The first stop is supposedly Ashford Hospital, although the enormous Tesco across the car park seems a greater draw for alighting passengers. We head along the edge of the reservoir, below millions of tons of water, to enter the urban village of Stanwell. Although dating back to the Domesday Book it's hard to spot much that looks old, bar the fine 12th century church with its tall spire and flinty walls. Instead the bus passes postwar residential overspill, no doubt built to house employees at very-nearby Heathrow Airport. There's a hint of hardship along the main shopping parade, not least a shop called simply "Affordable Shoes", whose unbranded frontage tells it like it is. When the 441 turns off the route of the 203 the bus stops change from roundels to provincial white rectangles, further evidence that TfL's influence has faded away. One of these is near the entrance to Stanwell's 17th century manor house, alas long demolished, and two caravans now fill the space between once grand gateposts.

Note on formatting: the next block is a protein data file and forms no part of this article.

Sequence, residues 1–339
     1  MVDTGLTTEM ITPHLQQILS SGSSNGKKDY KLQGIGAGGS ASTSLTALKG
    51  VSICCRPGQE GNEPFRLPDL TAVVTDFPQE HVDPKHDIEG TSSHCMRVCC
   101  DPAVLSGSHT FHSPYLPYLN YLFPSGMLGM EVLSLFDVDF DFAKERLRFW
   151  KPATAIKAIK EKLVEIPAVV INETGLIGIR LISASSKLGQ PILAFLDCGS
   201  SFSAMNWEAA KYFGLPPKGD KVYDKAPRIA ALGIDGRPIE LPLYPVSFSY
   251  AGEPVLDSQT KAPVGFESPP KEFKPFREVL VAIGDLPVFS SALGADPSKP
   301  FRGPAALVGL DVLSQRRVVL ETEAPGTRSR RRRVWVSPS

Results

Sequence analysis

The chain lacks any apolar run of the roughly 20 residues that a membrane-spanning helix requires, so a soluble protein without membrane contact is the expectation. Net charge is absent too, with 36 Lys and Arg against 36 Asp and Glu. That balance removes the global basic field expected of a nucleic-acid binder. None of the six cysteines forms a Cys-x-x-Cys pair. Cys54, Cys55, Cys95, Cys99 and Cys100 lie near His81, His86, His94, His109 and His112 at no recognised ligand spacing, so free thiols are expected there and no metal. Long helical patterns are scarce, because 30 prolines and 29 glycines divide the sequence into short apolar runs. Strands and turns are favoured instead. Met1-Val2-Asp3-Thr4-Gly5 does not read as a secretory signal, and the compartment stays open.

The 441 continues to a sheep-infested T-junction sandwiched between reservoirs and gravel pits, then turns towards StanwellMoor. This is the northernmost settlement in Surrey, and will probably remain so after recent proposals for the extension of Heathrow ruled out a southwestern extension to the airport. Planes still fly very close, with the line of the southern runway crossing the north end of the village. The 441 gains access to Stanwell Moor via the London Borough of Hillingdon, at a roundabout beyond which the grand swoop of Terminal 5 is clearly visible. The bus rolls off Airport Way and back into Surrey to give villagers without cars a half-hourly escape route. It turns left at The Anchor pub, then stops outside the post office and 'T5 Stores' before heading back out past the village hall. The Heathrow control tower can be clearly seen beyond the village sports ground, with flights to the Mediterranean somewhat closer.